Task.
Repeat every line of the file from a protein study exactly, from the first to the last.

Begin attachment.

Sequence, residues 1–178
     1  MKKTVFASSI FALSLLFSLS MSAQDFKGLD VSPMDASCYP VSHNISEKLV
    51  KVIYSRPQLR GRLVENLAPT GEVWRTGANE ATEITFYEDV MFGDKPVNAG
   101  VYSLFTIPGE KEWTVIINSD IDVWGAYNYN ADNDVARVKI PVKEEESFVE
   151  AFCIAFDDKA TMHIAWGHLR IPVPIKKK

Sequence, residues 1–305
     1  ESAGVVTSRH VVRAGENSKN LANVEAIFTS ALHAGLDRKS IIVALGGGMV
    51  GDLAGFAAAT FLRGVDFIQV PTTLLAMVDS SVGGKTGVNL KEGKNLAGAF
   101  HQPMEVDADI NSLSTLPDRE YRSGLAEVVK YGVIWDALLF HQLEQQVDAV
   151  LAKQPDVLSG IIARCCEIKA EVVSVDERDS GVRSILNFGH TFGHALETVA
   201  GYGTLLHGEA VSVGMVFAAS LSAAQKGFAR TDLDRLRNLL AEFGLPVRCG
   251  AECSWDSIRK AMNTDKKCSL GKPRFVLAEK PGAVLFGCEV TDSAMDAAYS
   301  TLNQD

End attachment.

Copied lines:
Sequence, residues 1–178
     1  MKKTVFASSI FALSLLFSLS MSAQDFKGLD VSPMDASCYP VSHNISEKLV
    51  KVIYSRPQLR GRLVENLAPT GEVWRTGANE ATEITFYEDV MFGDKPVNAG
   101  VYSLFTIPGE KEWTVIINSD IDVWGAYNYN ADNDVARVKI PVKEEESFVE
   151  AFCIAFDDKA TMHIAWGHLR IPVPIKKK

Sequence, residues 1–305
     1  ESAGVVTSRH VVRAGENSKN LANVEAIFTS ALHAGLDRKS IIVALGGGMV
    51  GDLAGFAAAT FLRGVDFIQV PTTLLAMVDS SVGGKTGVNL KEGKNLAGAF
   101  HQPMEVDADI NSLSTLPDRE YRSGLAEVVK YGVIWDALLF HQLEQQVDAV
   151  LAKQPDVLSG IIARCCEIKA EVVSVDERDS GVRSILNFGH TFGHALETVA
   201  GYGTLLHGEA VSVGMVFAAS LSAAQKGFAR TDLDRLRNLL AEFGLPVRCG
   251  AECSWDSIRK AMNTDKKCSL GKPRFVLAEK PGAVLFGCEV TDSAMDAAYS
   301  TLNQD